In Section IV, we address the problem of analytically calculating the bound . Note that, since the function is monotonous, it is equivalent to maximize w.r.t. x and to minimize the system potential also w.r.t. x. As a consequence, we may focus on the calculation of a lower bound for . Note that this problem is far from trivial. Even for very simple marginal potentials, , , the system potential can be highly multimodal w.r.t. x. See the example in the Section VIIA for an illustration.
Iii Definitions and Assumptions
Hereafter, we restrict our attention to the case of a scalar SoI, . This is done for the sake of clarity, since dealing with the general case requires additional definitions and notations. The techniques to be described in Sections IVVI can be extended to the general case, although this extension is not trivial. The example in Section VIIC illustrates how the proposal methodology is also useful in higher dimensional spaces, though.
For a given vector of observations , we define the set of simple estimates of the SoI as
(9) 
Each equation , in general, can yield zero, one or more simple estimates. We also introduce the maximum likelihood (ML) SoI estimator , as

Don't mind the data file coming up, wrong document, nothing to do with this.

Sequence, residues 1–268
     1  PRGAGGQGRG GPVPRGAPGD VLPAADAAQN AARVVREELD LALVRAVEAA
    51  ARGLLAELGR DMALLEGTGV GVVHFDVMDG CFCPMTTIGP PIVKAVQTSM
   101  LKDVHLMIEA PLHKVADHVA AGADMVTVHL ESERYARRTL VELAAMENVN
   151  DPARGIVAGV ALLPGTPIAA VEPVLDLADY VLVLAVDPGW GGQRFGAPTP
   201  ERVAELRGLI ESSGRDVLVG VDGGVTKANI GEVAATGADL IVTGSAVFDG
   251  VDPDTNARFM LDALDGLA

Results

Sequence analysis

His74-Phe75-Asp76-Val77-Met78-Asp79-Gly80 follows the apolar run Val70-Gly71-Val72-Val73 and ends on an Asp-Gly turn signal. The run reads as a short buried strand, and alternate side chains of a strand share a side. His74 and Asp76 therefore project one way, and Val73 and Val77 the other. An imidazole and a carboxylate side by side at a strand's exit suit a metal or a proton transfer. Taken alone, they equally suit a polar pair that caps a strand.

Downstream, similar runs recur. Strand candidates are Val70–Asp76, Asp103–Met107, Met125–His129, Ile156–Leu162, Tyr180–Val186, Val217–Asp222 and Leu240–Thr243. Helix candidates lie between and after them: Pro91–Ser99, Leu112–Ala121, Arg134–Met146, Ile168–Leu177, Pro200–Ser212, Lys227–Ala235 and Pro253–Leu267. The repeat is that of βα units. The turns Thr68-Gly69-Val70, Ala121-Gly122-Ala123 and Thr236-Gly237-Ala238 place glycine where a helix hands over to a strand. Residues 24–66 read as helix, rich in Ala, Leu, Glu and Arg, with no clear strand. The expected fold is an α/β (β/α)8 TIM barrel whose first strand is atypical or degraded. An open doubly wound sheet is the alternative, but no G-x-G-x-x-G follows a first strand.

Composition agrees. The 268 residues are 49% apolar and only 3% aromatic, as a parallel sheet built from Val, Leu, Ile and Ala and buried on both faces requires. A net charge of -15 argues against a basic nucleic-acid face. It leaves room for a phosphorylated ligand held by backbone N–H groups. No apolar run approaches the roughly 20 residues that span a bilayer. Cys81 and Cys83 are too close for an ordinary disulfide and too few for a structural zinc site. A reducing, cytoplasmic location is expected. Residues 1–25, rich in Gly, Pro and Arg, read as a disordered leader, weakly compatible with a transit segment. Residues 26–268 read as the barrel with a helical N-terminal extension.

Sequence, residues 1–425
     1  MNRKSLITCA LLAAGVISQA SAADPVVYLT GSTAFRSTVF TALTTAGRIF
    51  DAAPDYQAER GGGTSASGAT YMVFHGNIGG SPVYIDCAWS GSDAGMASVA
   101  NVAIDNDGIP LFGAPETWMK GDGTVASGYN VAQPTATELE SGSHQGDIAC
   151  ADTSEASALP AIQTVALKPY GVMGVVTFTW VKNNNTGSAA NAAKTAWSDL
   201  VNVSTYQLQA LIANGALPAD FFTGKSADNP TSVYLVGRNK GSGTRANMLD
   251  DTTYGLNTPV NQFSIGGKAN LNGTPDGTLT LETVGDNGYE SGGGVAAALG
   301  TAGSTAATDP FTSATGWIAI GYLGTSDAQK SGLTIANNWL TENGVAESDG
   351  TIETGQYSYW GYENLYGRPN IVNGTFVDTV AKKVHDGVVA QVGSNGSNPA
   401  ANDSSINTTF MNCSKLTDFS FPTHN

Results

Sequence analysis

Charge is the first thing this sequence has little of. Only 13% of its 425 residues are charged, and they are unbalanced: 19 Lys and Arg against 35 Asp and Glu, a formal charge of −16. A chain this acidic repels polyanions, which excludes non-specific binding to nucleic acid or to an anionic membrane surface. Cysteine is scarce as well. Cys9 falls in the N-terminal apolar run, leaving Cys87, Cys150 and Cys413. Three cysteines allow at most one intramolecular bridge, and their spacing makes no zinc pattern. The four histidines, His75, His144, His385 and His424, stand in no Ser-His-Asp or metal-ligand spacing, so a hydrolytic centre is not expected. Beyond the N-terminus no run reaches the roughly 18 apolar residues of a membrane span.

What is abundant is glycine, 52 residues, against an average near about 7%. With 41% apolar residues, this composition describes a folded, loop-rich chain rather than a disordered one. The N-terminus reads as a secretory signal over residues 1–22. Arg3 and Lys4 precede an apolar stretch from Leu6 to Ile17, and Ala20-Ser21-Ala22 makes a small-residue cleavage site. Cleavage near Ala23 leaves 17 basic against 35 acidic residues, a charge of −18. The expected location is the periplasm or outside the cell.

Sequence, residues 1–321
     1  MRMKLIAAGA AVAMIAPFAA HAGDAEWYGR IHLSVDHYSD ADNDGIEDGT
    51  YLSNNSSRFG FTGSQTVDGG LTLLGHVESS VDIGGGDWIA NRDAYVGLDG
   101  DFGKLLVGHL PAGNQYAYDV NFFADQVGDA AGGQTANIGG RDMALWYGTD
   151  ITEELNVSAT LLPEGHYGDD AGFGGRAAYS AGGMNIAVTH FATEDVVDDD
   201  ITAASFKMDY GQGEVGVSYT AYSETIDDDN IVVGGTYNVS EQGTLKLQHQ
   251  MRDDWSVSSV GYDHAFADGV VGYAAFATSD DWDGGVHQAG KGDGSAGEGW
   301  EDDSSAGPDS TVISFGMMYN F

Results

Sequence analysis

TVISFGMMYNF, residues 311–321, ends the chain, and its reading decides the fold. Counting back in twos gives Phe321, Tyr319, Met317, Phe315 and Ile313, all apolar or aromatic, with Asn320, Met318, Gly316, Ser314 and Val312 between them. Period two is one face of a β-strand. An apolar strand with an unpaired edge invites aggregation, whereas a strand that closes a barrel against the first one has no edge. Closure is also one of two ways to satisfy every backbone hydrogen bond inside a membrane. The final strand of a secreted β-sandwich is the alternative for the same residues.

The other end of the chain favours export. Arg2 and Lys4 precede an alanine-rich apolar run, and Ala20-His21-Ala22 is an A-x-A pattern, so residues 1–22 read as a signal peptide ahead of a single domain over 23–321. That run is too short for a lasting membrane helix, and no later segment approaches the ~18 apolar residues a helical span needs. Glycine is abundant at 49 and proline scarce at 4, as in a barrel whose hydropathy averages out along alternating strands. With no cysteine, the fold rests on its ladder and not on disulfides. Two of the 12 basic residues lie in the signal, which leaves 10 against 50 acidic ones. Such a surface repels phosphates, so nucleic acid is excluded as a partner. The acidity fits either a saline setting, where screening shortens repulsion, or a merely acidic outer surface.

(10) 
not necessarily unique.
Let us use to denote the support of the vector function g, i.e., . We assume that there exists a partition of (i.e., and , ) such that the subsets are intervals in and we can define functions and , as
(11) 
i.e., is the restriction of to the interval . We further assume that (a) every function is invertible in and (b) every function is either convex in or concave in . Assumptions (a) and (b) together mean that, for every and all , the first derivative is either strictly positive or strictly negative and the second derivative is either nonnegative or nonpositive. As a consequence, there are exactly simple estimates (one per observation) in each subset of the partition, namely for . We write the set of simple estimates in as . Due to the additivity of the noise in (1), if is bounded there may be a nonnegligible probability that (or ), where denotes the closure of set , hence may not exist for some realization . In such case, we define (or , respectively), and admit (respectively, ) as valid simple estimates.